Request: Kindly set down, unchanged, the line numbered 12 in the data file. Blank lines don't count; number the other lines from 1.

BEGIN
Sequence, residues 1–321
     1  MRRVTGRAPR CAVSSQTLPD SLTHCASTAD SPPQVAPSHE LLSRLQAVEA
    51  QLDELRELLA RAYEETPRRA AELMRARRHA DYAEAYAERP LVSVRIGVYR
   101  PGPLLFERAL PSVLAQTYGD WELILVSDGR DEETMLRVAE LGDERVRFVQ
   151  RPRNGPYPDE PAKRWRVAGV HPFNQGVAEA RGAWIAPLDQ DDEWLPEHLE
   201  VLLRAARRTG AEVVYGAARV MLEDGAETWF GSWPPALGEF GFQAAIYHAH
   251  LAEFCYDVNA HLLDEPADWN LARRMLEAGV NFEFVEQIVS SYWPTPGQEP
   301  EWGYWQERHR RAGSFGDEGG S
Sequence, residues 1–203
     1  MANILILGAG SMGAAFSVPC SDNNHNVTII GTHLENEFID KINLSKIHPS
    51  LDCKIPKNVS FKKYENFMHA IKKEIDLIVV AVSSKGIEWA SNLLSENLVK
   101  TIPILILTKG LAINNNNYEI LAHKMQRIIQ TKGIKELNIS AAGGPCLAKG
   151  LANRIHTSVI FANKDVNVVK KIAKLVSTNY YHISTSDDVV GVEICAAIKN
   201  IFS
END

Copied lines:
   101  TIPILILTKG LAINNNNYEI LAHKMQRIIQ TKGIKELNIS AAGGPCLAKG